Sunday, February 17, 2013: 1:30 PM-4:30 PM
Room 206 (Hynes Convention Center)Each year, 5 million people die of malnutrition, 3.5 million of whom are children under the age of 5. To meet the global challenge of producing enough food, we need inexpensive and sustainable approaches to improving productivity -- not only of the major commodity crops, but also local crops of all kinds. Taking advantage of the unique properties of microbes is one of the most promising ways to achieve this. All plants evolved in a world dominated by viruses, bacteria, and fungi; over millions of years, plants and microbes have formed many mutually beneficial relationships. Microbe-plant partnerships improve plant resistance to many stresses, including disease, drought, salinity, limited nutrients, and extreme temperature. Recently, there have been significant advances in understanding the natural relationships between plants and microbial communities and how they can be used to increase the productivity of almost any crop, anywhere, potentially at a reasonable cost and without corollary harm to the environment. Together, such approaches could spark a new microbially driven Green Revolution. Based on a colloquium convened in November 2012 by the American Academy of Microbiology, speakers in this session will describe ways that the long-evolved relationships among plants and their many microbial partners can be used to significantly improve global crop productivity, grow crops on marginal soils, minimize post-harvest loss, and protect crops from pests and pathogens.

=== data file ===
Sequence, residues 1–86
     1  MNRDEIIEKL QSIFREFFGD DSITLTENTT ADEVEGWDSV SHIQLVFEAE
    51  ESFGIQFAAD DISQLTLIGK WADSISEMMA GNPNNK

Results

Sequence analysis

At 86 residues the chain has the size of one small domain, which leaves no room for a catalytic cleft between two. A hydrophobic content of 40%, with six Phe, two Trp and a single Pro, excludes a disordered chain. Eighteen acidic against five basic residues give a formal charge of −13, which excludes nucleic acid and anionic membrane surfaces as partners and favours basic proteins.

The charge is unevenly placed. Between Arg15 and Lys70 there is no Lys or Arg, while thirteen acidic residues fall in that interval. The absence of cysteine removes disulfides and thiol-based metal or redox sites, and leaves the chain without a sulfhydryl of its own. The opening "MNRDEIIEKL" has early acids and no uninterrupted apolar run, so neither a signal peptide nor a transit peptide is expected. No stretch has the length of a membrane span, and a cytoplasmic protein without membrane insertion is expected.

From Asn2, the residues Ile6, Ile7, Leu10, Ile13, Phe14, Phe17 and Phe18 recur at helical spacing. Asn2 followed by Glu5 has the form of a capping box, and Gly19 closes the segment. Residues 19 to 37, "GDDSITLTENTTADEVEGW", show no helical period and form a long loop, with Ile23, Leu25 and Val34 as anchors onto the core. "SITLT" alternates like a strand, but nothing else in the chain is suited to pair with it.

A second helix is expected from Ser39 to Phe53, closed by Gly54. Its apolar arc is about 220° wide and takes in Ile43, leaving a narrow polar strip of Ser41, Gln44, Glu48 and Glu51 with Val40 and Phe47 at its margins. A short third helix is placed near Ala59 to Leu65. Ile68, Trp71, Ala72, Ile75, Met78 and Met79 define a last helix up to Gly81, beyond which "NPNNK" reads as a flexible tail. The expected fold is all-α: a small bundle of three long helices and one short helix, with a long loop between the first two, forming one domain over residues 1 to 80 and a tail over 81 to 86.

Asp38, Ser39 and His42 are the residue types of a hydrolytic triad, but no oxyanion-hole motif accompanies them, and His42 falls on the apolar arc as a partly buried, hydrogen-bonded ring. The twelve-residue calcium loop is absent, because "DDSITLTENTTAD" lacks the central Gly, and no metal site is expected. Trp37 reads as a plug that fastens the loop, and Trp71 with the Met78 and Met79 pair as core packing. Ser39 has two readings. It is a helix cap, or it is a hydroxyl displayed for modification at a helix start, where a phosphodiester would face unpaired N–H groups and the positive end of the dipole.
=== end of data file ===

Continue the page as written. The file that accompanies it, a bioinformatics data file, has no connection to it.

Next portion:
Ann Reid, American Academy of Microbiology
Ann Lichens-Park, National Institute of Food and Agriculture